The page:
Bakassi is a peninsula in the Gulf of Guinea. It is found between the estuary of the Cross river, near the city of Calabar, in the western part of the Biafra inlet and the estuary of the Ray river, to the east. It is ruled by the Cameroon, after transferring from the sovereignty of Nigeria as a result of a sentence of the International Court of Justice (ICJ). On 22 November 2007, Nigeria’s Senate rejected the transfer, since the Greentree Agreement that granted the area to the Cameroon was contrary to section 12 of the 1999 Constitution. In any case, the territory was transferred to the Cameroon on 14 August 2008.
The ICJ issued its decision on 10 October 2002, finding (based mainly on English-German agreements) that sovereignty over Bakassi really belonged to the Cameroon. It instructed Nigeria to transfer possession of the peninsula; however, it didn’t require the inhabitants to change their nationality. Therefore, Cameroon received a considerable Nigerian population and was required to protect their rights, infrastructure and wellbeing.
The verdict caused consternation in Nigeria. The result of the controversy was a Nigerian negative de facto to withdraw its troops from Bakassi and to transfer the sovereignty. However, the Nigerian government didn’t openly reject the sentence, but asked for an agreement that offered “peace with honor, with the interest and wellbeing of our people”.

The sentence of the ICJ was backed by the United Nations, whose statute potentially allows sanctions or even the use of force to enforce compliance with the court’s sentence. The then Secretary General Kofi Annan intervened as a mediator and presided over a triparty summit with the presidents of the two countries on 15 November 2002, which established a commission to facilitate the peaceful implementation of the ICJ’s decision. Another summit was held on 31 January 2004.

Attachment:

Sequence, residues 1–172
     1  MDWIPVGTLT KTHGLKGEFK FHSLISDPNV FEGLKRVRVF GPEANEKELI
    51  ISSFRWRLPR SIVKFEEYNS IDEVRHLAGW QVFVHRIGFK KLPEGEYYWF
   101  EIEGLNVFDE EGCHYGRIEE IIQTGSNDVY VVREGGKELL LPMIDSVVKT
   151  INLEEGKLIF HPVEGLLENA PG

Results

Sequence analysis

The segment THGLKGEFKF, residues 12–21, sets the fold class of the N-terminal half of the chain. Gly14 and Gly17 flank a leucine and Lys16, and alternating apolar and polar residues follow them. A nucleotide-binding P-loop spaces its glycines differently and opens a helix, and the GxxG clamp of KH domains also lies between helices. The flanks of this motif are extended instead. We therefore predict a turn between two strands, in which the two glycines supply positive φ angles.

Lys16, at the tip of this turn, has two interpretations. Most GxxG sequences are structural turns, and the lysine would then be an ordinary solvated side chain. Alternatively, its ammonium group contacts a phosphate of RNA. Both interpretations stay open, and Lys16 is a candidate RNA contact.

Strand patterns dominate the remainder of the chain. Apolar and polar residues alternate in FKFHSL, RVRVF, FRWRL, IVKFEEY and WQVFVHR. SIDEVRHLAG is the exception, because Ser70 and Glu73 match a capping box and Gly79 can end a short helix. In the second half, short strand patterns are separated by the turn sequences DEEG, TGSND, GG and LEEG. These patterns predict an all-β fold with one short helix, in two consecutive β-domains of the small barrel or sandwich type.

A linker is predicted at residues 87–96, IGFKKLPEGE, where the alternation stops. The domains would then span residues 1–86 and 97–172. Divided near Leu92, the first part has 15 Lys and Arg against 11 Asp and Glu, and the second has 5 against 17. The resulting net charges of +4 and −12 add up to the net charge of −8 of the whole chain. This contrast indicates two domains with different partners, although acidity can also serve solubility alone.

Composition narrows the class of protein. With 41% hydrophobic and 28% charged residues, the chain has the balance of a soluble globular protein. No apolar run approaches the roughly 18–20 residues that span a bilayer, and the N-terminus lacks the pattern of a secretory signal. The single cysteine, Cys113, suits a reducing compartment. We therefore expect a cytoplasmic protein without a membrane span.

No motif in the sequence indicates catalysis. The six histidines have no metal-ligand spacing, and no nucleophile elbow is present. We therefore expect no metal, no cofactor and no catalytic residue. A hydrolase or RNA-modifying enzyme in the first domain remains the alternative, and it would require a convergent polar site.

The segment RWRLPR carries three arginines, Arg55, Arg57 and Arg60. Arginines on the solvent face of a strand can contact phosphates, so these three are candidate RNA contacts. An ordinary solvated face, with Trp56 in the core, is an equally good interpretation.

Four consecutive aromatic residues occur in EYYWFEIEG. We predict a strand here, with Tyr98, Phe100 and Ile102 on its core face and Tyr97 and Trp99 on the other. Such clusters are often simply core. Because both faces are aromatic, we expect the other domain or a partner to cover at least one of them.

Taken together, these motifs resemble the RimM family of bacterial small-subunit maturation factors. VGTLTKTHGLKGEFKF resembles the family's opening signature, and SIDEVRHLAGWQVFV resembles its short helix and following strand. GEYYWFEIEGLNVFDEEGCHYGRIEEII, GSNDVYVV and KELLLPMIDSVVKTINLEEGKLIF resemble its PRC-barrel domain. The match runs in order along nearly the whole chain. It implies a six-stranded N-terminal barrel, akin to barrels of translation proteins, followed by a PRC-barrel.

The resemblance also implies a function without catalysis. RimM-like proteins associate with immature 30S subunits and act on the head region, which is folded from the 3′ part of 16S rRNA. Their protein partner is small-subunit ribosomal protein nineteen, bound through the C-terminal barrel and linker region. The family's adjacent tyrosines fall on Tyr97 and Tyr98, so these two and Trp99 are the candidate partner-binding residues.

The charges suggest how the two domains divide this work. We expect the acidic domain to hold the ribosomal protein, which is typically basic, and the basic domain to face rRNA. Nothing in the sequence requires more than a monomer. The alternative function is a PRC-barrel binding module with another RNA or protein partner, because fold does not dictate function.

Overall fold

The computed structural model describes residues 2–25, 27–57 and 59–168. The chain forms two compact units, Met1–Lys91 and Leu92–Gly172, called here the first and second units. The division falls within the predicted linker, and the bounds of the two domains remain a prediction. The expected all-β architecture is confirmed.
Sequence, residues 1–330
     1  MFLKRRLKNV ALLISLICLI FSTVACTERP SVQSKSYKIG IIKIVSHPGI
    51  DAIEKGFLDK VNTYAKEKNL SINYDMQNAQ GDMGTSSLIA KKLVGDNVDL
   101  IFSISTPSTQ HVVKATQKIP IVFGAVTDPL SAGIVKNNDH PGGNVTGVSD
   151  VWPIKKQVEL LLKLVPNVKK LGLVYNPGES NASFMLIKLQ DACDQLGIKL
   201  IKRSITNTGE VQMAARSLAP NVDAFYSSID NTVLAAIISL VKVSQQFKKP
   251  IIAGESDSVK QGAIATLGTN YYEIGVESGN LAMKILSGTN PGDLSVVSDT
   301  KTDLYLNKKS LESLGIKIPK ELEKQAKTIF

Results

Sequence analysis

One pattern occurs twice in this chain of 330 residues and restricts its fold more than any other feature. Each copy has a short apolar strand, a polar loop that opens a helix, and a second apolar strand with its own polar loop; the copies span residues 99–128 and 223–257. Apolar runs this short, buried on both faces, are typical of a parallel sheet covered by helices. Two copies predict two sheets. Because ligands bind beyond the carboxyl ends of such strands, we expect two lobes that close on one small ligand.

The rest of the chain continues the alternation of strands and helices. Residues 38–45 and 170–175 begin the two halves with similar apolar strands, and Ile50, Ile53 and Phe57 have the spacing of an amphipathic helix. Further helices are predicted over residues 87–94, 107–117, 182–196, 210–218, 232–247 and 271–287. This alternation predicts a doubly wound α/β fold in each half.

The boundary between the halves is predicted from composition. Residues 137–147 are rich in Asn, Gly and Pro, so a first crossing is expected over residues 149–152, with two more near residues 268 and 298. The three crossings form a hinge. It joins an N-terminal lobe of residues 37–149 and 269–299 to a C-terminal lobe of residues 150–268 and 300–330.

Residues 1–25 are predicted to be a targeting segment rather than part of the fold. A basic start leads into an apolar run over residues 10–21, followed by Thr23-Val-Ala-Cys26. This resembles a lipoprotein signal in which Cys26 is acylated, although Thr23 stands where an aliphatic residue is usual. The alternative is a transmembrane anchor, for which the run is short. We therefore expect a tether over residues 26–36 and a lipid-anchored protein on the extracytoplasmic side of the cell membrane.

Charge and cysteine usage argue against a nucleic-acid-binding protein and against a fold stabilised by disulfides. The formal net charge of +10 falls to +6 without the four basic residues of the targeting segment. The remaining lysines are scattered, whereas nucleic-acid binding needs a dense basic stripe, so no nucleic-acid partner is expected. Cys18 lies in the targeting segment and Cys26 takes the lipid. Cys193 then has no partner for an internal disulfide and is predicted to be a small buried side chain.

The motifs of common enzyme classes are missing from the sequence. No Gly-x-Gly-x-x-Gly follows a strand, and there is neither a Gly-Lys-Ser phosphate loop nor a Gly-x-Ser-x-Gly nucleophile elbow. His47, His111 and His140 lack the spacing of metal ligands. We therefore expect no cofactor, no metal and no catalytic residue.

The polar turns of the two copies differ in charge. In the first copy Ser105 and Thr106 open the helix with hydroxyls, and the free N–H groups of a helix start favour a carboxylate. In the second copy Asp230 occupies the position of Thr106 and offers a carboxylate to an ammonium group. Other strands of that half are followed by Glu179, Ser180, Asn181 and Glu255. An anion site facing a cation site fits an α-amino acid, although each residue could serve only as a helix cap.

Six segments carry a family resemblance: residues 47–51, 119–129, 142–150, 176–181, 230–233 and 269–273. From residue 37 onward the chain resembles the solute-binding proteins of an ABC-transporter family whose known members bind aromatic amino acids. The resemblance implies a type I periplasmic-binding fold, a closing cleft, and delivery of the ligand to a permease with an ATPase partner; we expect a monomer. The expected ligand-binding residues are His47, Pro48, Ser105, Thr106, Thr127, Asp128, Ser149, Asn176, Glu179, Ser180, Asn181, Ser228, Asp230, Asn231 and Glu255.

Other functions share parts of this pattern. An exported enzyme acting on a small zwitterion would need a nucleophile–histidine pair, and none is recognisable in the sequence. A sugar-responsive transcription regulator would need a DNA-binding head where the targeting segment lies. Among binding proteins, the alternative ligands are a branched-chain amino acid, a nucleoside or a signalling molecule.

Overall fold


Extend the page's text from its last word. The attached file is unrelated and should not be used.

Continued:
The Bakassi leaders threatened to seek independence if Nigeria renounced their sovereignty. This secession was announced on 9 July 2006, as the Democratic Republic of Bakassi.
In 13 June 2006, President Olusegun Obasanjo of Nigeria and President Paul Biya of the Cameroon resolved the dispute in conversations led by Annan in New York City. Obasanjo agreed to withdraw the Nigerian Troops within 60 days and to completely leave the territory under the Cameroon control in the next two years. Annan said: “With today’s agreement on the Bakassi peninsula, an integral solution of the dispute is within our reach. The momentum reached must be maintained.